Kategorie: Maligní lymfomy a leukémie
Téma: Published only
Číslo abstraktu: 1326
Autoři: Ing. Filip Rázga, Ph.D.; Mgr. Tomáš Jurček; MUDr. Daniela Žáčková, Ph.D.; Ing. Dana Dvořáková, CSc.; MUDr. Martina Palacková; Ing. Ivana Ježíšková, Ph.D.; prof. MUDr. Jiří Mayer, CSc.; Prof. MUDr. Zdeněk Ráčil, Ph.D.
Background. Availability of different tyrosine kinase inhibitors (TKIs) with distinct anti-leukemic potency enables the optimization of current therapeutic regimens; however, some patients lose their therapy responses and acquire TKIs resistance. Aims. In this study, a single center experience with monitoring of BCR-ABL1 kinase domain (KD) mutations is described and, particularly, the impact of the treatment administration on mutations selection is discussed. Methods. The CML patients treated with TKIs at our institution during the years 2003 - 2011 were included in this study. Peripheral blood and/or bone marrow samples were collected, processed and analyzed using the published procedures; detection of BCR-ABL1 KD mutations was performed by direct sequencing. Results. First, we evaluated the impact of non-TKI pretreatment on: a) spectrum of BCR-ABL1 KD mutations; b) their frequencies and c) time to mutation detection after the administration of a first-line TKI. Our data shows that pretreatment with non-specific non-TKI drugs does not preferentially select the BCR-ABL1 KD mutations, as there was no difference between the frequency of T315I or p-loop mutations compared to mutations in other KD regions (52. 7% vs. 47. 3%). In contrast, the imatinib (IMA) as first-line therapy led to clear predominance of T315I or p-loop mutations (90. 9% vs. 18. 2% of mutations located in other KD regions). In addition, median time to the detected p-loop mutations was substantially shorter in patients treated with IMA first-line compared to patients who were pretreated (16 months (3 - 41) vs. 46 months (20 - 109), p = 0. 005). Second, we analyzed the impact of administered TKIs on appearance and selection of mutations in patients that were recurrently resistant to TKIs therapy. Among the patients with initial BCR-ABL1 KD mutation, 32. 0% developed a second mutations after the change of TKIs treatment. The more potent second-line TKIs therapy caused the elimination of most of the initial IMA resistant mutations; however, several mutations resistant to secondline therapy subsequently emerged, with considerably shorter time compared to the initially detected ones (9 months (1 - 25) vs. 21 months (3 - 109), p = 0. 007). Moreover, after the therapeutic intervention with third-line TKIs, similar consequences were observed. Third, we confirm the previously described poor prognosis of CML patients with mutated BCR-ABL1 KD, since 40. 0% of our CML patients that harbored BCR-ABL1 KD mutation died during the treatment with TKIs. Moreover, 27. 8% of patients who are still on treatment have already progressed. Last, our data confirms the unique position of T315I mutation with respect to its strong resistance to the currently approved TKIs. Conclusions. Based on a “real-life”data described in this study, for some of the CML patients that harbor BCR-ABL1 KD mutations, it may seem that therapy itself consecutively leads to its failure, selecting thus the most resistant mutations under the selective pressure of applied therapy regimen (Figure 1). Note that formation and selection of mutations, that could reflect the genomic instability, is not a single process, thus all aspects must be taken into account.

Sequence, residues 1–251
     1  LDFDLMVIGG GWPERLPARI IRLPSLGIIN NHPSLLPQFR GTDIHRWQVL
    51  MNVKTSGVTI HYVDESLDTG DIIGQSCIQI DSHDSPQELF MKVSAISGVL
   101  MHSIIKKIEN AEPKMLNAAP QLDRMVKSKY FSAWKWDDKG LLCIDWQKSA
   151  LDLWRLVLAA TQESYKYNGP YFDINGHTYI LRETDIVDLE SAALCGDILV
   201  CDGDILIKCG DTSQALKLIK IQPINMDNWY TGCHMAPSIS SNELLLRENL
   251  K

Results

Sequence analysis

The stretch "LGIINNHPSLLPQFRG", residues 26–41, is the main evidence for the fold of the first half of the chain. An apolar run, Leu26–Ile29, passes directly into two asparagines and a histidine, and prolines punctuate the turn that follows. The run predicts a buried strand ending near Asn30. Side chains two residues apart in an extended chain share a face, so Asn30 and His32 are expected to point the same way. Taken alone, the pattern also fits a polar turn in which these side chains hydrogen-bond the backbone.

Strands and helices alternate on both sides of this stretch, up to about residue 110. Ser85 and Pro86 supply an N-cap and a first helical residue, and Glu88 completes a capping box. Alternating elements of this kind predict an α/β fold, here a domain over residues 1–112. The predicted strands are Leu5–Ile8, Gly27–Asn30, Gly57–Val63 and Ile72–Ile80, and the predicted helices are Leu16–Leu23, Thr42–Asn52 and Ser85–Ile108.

Acknowledgements. Supported by The CzEch Leukemia Study Group for Life (CELL) and grants MSM0021622430 and MUNI/A/0784/2011.
Haematologica, 2012; 97(s1): 536
Datum přednesení příspěvku: 14. 6. 2012